Where will your retirement money come from? If you’re like most people, qualified-retirement plans, Social Security, and personal savings and investments are expected to play a role. Once you have estimated the amount of money you may need for retirement, a sound approach involves taking a close look at your potential retirement-income sources.
Are you ready for retirement? Here are five words you should consider.
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Calculating your potential Social Security benefit is a three-step process.
When to start? Should I continue to work? How can I maximize my benefit?
Looking forward to retirement? It's critical to understand the difference between immediate and deferred annuities.
Roth 401(k) plans combine features of traditional 401(k) plans with those of a Roth IRA.
Regardless of how you approach retirement, there are some things about it that might surprise you.
Longer, healthier living can put greater stress on retirement assets; the bucket approach may be one answer.
This calculator compares a hypothetical fixed annuity with an account where the interest is taxed each year.
Estimate how much income may be needed at retirement to maintain your standard of living.
This calculator can help you estimate how much you may need to save for retirement.
Help determine the required minimum distribution from an IRA or other qualified retirement plan.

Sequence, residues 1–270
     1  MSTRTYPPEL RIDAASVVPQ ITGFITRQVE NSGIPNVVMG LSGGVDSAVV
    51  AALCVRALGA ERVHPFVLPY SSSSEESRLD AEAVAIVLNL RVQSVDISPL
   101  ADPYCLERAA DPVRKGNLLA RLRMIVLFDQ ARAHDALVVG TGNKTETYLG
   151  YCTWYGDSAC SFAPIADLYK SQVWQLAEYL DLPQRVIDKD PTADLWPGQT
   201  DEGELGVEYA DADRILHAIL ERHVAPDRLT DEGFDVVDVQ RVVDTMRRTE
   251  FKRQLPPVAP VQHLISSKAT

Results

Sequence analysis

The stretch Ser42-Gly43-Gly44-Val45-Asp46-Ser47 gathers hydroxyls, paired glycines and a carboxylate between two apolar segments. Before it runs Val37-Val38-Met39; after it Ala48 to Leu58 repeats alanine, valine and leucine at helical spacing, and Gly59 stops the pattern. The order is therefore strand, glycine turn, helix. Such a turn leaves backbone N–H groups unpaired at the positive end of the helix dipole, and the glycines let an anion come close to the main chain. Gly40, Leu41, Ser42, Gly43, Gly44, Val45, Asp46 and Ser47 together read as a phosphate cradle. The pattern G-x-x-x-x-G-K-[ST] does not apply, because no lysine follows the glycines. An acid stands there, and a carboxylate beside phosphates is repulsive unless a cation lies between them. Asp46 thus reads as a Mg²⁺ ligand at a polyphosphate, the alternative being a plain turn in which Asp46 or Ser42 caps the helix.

Estimate the maximum contribution amount for a Self-Employed 401(k), SIMPLE IRA, or SEP.
Estimate your monthly and annual income from various IRA types.
Investment tools and strategies that can enable you to pursue your retirement goals.
A number of questions and concerns need to be addressed to help you better prepare for retirement living.
There are a number of ways to withdraw money from a qualified retirement plan.
The average retirement lasts for 18 years. Are you prepared to fill that many days?
There are a lot of misconceptions about Social Security. Here’s the truth about three of them.
Why are 401(k) plans, annuities, and IRAs so popular?
There are three things to consider before dipping into retirement savings to pay for college.
Retiring early sounds like a dream come true, but it’s important to take a look at the cold, hard facts.
A growing number of Americans are pushing back the age at which they plan to retire. Or deciding not to retire at all.